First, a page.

While I was standing in the local tool shop today, I shared with the lovely men working there that I needed help fixing some things in my house. I started talking to the man next to me and he offered to help me. Just two minutes later we were in my house, sharing time and chatting about life while he was drilling holes in my wall to hang a mirror. At some point he shared that he was surprised that he was telling all these things about his personal life to a stranger.
I had to go back to the shop to borrow an electric screwdriver and when I got back, I shared with him that his words had stayed with me.
“You know what,” I said, “For me there is no such thing as strangers. I want to be open and be myself with everybody, even if I have just met them. I don’t feel there should be a difference. If there is then I ask myself, and feel, what I am projecting onto that other person that I am not being as open with.”
I pondered on this a little bit more during my day.
Why do we see people as strangers and what kind of effect does this have on our ability to connect with each other? Even the word ‘stranger’ carries a distance in it, where it feels strange, or even odd, that I could not allow myself to be fully open with that person, just because I have never met them before.
When we meet somebody for the first time, at times we have this tendency to hold back, to be reserved, maybe to judge the other by his or her appearance, how he/she acts or behaves and how he/she responds to us. Do we protect ourselves because we don’t know the other person? For me as a woman, I might hold back with a man that I have never met before and who is in my house, helping me hang up my mirror on the wall.
I chose to not hold back because it felt lovely to have this man in my house. Does this mean that I would invite anybody into my house? No, it doesn’t, because that wouldn’t be honouring of myself. The thing is I felt a connection and trust with the man at the shop from the first moment I met him and therefore I did not see him as a stranger.
For me there is no such thing as strangers, as we are all connected. Everybody is equal, regardless of where we come from, what we do, or the way we look. We are all one and the same within, each one of us, with unique qualities and talents. We all make different choices, yes, and we may live a thousand miles apart, but to me we are all one big family.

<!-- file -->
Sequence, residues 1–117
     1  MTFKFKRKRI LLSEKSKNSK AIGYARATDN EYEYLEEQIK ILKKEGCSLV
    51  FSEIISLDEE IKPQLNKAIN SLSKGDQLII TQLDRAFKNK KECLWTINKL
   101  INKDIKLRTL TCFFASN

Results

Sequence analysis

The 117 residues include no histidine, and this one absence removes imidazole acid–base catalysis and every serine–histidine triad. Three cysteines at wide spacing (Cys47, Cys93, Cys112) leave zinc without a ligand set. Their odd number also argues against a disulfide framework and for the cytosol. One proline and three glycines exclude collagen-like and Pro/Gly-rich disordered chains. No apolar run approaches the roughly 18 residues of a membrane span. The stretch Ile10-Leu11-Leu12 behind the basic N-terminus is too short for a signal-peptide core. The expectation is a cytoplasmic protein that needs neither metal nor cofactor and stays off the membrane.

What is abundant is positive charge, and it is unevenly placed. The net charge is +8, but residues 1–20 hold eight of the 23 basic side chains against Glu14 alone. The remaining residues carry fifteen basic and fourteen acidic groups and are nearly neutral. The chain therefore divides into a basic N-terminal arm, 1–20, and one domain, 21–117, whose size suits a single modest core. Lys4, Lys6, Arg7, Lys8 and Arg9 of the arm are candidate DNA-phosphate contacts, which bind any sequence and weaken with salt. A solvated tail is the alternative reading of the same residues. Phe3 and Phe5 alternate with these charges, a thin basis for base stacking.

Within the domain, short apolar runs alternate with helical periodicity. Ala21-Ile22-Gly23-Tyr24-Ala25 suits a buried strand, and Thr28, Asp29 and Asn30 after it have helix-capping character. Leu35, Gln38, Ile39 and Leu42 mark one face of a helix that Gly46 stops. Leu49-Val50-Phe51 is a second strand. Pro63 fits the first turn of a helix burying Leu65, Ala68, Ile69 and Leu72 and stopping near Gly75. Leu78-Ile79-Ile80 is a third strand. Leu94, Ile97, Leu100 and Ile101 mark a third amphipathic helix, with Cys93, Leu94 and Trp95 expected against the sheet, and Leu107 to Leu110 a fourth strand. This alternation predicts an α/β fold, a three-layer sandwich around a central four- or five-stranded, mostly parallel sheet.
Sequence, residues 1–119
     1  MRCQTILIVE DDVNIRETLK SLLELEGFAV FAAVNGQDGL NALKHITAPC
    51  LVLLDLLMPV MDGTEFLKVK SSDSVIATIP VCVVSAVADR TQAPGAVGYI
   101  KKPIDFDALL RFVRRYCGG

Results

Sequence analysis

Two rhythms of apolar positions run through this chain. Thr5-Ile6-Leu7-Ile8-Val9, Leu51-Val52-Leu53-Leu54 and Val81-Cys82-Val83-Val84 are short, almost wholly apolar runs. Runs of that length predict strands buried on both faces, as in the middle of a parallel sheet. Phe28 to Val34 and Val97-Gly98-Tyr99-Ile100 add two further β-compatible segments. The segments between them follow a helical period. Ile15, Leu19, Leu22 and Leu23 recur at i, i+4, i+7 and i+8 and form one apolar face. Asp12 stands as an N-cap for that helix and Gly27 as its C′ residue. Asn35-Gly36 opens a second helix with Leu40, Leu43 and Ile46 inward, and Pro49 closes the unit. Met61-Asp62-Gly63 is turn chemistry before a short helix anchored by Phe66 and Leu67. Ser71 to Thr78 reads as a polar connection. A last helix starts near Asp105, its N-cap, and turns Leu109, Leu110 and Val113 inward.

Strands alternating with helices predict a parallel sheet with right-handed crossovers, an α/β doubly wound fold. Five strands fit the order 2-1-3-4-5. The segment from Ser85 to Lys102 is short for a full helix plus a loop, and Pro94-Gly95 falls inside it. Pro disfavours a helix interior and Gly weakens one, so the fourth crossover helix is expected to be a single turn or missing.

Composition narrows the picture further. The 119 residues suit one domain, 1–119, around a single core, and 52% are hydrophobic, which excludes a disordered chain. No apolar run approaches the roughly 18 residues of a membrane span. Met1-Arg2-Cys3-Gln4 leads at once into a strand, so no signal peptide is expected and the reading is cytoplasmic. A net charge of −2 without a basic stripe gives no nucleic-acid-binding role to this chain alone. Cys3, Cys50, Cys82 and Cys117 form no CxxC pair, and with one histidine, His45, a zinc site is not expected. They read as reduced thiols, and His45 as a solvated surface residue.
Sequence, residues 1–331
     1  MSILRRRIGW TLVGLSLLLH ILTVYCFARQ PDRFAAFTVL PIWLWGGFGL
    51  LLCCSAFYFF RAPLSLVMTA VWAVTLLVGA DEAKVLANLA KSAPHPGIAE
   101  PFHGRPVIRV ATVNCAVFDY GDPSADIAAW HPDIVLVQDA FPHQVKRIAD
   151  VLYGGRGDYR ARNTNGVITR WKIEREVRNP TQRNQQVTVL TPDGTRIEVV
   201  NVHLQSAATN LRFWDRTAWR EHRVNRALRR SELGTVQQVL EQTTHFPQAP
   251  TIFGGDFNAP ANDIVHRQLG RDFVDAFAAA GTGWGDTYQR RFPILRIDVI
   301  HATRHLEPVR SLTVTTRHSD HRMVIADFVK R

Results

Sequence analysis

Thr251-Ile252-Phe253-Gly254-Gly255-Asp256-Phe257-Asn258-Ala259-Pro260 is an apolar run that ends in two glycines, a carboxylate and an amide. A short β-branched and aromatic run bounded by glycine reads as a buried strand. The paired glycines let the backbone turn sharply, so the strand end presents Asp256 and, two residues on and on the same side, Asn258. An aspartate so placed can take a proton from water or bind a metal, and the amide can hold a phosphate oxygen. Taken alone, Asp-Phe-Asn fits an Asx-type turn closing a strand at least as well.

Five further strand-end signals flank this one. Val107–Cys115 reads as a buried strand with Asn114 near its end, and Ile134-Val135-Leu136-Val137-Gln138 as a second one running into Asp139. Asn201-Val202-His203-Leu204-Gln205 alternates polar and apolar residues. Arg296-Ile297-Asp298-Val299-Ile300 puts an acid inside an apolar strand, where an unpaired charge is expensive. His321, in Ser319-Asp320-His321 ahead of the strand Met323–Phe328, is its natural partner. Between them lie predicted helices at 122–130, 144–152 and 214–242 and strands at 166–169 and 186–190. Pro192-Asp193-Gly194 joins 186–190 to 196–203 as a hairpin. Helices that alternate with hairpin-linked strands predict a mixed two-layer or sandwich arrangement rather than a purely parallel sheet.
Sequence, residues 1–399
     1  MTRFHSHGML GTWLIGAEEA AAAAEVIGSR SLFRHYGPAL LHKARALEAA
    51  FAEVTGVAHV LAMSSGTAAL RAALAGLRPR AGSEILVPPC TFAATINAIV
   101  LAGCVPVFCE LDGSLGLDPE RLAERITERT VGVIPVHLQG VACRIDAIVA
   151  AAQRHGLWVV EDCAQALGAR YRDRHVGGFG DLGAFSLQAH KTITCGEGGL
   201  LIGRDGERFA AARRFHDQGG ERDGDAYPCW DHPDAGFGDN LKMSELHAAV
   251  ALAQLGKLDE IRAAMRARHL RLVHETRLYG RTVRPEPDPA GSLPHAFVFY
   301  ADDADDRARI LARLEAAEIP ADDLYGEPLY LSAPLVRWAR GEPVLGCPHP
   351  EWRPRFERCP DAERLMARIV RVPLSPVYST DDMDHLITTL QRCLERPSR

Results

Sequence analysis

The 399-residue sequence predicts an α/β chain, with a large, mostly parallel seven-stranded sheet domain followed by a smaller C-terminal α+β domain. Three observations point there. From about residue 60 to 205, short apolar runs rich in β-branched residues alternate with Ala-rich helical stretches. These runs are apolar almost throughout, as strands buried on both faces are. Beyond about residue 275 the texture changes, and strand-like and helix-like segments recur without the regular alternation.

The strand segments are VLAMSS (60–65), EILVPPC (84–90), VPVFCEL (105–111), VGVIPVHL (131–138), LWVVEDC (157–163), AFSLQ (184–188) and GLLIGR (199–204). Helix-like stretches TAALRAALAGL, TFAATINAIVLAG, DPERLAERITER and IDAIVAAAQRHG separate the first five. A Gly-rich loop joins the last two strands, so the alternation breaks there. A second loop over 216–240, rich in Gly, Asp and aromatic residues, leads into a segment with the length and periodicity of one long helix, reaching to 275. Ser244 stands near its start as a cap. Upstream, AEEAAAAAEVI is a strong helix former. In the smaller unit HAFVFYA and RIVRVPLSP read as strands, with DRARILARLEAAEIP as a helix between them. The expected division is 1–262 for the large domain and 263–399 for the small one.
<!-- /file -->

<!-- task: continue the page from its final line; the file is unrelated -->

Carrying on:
Knowing this, with every person I meet I can make the choice to meet them as loved family members or if I do hold back and find myself judging or thinking that I cannot say this or that or be this or that, then I know that I have allowed in the false idea of the stranger, the idea that I have to be different with certain people and that I cannot be open and loving with those that I meet for the first time.
It feels very freeing to be in life like this and to share myself and my love with everyone.
Now my mirror and paintings are hanging on the wall and it feels wonderful. Not only because they are finally hanging, but also because I was open to connecting and had invited someone into my home who helped me a great deal with something I could never have done on my own.
Taking the ‘old’ belief of the ‘stranger’ out of my life more and more, allows me to be more open, spontaneous, joyful and deeply connected with everybody and this feels great. I am now connecting more to all of humanity – I see the whole of humanity as my family! GREAT!
Every day I meet new people, chat with somebody on the street, in a shop, in the gym, at work or in the tram, say hello to people in the park, make eye contact, ask the supermarket assistant how she is doing, ask my neighbour for support when needed, give a compliment to somebody or start a conversation. I feel more connected with all those around me, close by and far away.
This blog is inspired by Universal Medicine and all those gorgeous people out there in the world that I meet every day.
By Mariette Reineke, Holland